Typically, Schema markup resides in the <head> element on the page, like this. (By the way, this is the exact Schema markup used by booking.com to enrich the listing I’ve shown you in the example above).
Here is that example again. This time, I’ve highlighted those schema markup elements on the listing.
The listing features other Schema elements as well, which are also defined in the page’s <head> element.
RECOMMENDED READING: What is Schema and is it Important for SEO?
The Most Common Schema Types for Travel Sites
Schema is a vast and powerful markup, with practically countless types that would work for travel sites. In this guide, however, I will focus on the most common ones that travel sites should employ.
Hotel Schema helps hotel sites define themselves as such for Google. With Hotel Schema, you can also provide the search engine with more information about your establishment:
- The hotel’s location and phone number,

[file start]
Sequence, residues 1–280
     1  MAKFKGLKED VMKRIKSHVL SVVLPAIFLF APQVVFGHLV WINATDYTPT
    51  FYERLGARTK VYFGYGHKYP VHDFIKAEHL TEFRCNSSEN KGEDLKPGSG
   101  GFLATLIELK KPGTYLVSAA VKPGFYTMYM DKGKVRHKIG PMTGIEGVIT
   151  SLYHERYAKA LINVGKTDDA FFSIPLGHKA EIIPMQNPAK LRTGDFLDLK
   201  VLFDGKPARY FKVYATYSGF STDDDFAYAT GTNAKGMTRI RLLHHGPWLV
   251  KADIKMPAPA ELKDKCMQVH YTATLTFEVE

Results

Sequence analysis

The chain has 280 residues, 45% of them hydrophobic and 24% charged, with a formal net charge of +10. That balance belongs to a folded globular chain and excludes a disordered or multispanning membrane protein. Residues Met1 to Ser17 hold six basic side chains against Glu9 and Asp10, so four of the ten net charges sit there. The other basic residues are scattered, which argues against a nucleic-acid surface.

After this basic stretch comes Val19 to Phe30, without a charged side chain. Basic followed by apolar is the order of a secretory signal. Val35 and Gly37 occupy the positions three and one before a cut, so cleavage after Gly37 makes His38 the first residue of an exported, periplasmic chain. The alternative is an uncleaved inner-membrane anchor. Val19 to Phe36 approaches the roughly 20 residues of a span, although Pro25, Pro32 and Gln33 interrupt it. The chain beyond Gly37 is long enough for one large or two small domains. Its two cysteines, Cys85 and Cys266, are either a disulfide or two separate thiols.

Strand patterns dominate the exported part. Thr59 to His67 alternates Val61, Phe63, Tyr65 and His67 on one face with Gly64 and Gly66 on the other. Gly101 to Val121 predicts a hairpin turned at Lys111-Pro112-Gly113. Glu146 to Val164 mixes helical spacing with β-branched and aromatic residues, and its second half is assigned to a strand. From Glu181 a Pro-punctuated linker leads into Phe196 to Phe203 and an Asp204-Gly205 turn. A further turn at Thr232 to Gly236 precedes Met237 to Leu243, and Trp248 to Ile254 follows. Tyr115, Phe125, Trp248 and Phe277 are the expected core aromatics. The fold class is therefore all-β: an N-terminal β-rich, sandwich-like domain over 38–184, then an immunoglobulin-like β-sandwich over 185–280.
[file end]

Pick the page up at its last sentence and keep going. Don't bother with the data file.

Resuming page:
- Number of rooms available,
- Check-in and check-out times,
- Star ratings of your hotel property,
- Brand of the hotel,
- Room amenities,
- Location map, and a whole lot more.
Hotel Room Schema
Just like Hotel Schema focuses on defining the general properties of the business, Hotel Room Schema helps you provide Google with information about the specific single room available at your hotel.
You can use this Schema type to tell the search engine more about the type of rooms you offer (i.e., a Family Room or a Luxury Accommodation, etc.)
You can also specify the total number of Rooms, available amenities, and more.